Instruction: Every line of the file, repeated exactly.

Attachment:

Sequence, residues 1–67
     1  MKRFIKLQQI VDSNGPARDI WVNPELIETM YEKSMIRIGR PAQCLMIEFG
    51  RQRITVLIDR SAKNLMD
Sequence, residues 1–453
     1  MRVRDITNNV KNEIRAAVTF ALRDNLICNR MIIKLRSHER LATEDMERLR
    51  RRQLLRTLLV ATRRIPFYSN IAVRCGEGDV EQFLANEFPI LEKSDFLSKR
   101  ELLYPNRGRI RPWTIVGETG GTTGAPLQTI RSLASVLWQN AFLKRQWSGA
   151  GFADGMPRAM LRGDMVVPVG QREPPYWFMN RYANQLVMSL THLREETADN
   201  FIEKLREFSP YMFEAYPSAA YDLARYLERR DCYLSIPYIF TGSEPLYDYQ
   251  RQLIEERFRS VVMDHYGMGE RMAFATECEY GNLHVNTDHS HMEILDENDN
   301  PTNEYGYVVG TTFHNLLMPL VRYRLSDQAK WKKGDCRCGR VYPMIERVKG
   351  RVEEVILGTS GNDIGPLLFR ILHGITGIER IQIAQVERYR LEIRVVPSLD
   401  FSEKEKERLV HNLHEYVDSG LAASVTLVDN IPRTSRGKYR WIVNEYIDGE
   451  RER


Sequence, residues 1–67
     1  MKRFIKLQQI VDSNGPARDI WVNPELIETM YEKSMIRIGR PAQCLMIEFG
    51  RQRITVLIDR SAKNLMD
Sequence, residues 1–453
     1  MRVRDITNNV KNEIRAAVTF ALRDNLICNR MIIKLRSHER LATEDMERLR
    51  RRQLLRTLLV ATRRIPFYSN IAVRCGEGDV EQFLANEFPI LEKSDFLSKR
   101  ELLYPNRGRI RPWTIVGETG GTTGAPLQTI RSLASVLWQN AFLKRQWSGA
   151  GFADGMPRAM LRGDMVVPVG QREPPYWFMN RYANQLVMSL THLREETADN
   201  FIEKLREFSP YMFEAYPSAA YDLARYLERR DCYLSIPYIF TGSEPLYDYQ
   251  RQLIEERFRS VVMDHYGMGE RMAFATECEY GNLHVNTDHS HMEILDENDN
   301  PTNEYGYVVG TTFHNLLMPL VRYRLSDQAK WKKGDCRCGR VYPMIERVKG
   351  RVEEVILGTS GNDIGPLLFR ILHGITGIER IQIAQVERYR LEIRVVPSLD
   401  FSEKEKERLV HNLHEYVDSG LAASVTLVDN IPRTSRGKYR WIVNEYIDGE
   451  RER